The Era of the American Revolution: Studies Inscribed to Evarts Boutell Greene

By Richard B. Morris | Go to book overview

The Effect of the Navigation Acts on the Thirteen Colonies

LAWRENCE A. HARPER

THE ENGLISH Navigation Acts have long been a topic of great interest to both British and American historians, but there has been no agreement as to their effect upon the colonies. The opposite extremes are represented by George Bancroft, who viewed the Acts as horrible instruments of English tyranny against which the colonies nobly arose to throw off the oppressive yoke, and George Louis Beer, who veered to the other extreme in pointing out that the measures were not unfair and who maintained that the old colonial system was so nicely balanced that both the colonies and the mother country bore burdens for the good of the Empire and shared in the general advantages.

The ultimate answer to the question must be deferred until more detailed knowledge of colonial trade and commerce is available. Work which has been done and research now in progress make it possible at this time to outline the factors involved in the problems and to formulate tentative hypotheses.1 The difficulties are many, but most critics of attempts to solve the problem empha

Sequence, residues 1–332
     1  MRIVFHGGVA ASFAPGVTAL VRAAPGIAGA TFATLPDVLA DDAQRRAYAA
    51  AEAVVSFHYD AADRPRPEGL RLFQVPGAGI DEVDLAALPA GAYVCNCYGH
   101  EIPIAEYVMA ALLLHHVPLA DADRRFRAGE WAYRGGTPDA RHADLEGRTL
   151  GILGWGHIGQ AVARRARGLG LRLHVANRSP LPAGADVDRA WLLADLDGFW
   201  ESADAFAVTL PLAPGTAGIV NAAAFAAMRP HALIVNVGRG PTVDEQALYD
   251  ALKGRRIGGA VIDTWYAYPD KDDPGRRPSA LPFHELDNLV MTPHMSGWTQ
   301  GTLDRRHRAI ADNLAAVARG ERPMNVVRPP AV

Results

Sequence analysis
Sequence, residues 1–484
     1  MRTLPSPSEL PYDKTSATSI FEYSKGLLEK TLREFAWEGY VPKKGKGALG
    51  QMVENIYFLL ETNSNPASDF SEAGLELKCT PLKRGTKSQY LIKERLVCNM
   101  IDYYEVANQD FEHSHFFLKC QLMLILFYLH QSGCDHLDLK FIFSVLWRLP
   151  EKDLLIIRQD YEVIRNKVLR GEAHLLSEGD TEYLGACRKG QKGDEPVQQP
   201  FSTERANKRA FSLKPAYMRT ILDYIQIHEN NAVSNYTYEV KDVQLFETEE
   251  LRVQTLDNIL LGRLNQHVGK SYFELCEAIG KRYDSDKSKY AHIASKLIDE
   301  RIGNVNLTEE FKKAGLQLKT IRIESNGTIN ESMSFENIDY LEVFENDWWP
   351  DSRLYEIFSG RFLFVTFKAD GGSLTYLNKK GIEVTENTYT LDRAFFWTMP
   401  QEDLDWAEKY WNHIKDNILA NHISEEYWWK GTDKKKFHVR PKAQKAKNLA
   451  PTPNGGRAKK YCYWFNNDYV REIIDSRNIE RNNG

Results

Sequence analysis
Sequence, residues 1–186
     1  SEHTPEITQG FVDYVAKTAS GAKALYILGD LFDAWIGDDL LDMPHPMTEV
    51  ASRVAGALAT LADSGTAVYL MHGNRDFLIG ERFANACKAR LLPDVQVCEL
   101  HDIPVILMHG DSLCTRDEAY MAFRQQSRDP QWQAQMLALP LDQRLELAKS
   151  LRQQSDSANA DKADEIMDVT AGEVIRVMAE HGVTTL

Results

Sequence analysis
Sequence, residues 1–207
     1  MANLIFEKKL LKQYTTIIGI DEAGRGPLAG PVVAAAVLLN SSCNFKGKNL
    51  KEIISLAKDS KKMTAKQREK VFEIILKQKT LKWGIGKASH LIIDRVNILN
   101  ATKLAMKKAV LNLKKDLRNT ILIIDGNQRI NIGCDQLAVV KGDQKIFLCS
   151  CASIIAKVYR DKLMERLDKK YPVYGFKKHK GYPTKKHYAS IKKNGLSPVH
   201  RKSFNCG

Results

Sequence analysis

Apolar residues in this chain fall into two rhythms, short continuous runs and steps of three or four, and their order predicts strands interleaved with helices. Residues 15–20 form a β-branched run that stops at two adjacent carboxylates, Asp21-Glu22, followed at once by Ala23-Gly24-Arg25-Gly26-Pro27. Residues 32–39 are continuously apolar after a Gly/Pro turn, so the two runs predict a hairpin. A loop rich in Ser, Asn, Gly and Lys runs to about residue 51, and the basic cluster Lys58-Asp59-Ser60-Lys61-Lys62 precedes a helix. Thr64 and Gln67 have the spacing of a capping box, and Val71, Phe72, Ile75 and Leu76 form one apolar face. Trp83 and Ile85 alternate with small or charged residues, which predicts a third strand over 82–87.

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1
For many years George Louis Beer excellent volumes The Old Colonial System ( 2 vols., New York, 1912) and British Colonial Policy, 1754-1765 ( New York, 1907) have supplied our best account of the Acts. No modern work has been devoted to the laws themselves except the fourth volume of C. M. Andrews The Colonial Period of American History ( New Haven, 1938), which only recently appeared, and L. A. Harper's The English Navigation Laws (in press). Neither, however, treats at length the effect of the laws upon the colonies, each examining the legislation primarily from the point of view of English administration and policies. The present study has been facilitated by the use of basic data now being compiled by WPA Project No. 10482-A-10, which has been supplemented for present purposes by student help supplied by the National Youth Administration. Thanks are also due to the Social Science Research Council of the University of California for financial assistance and to Miss Frances Burke and Dr. Gerald White for help in collecting and analyzing statistics and laws.

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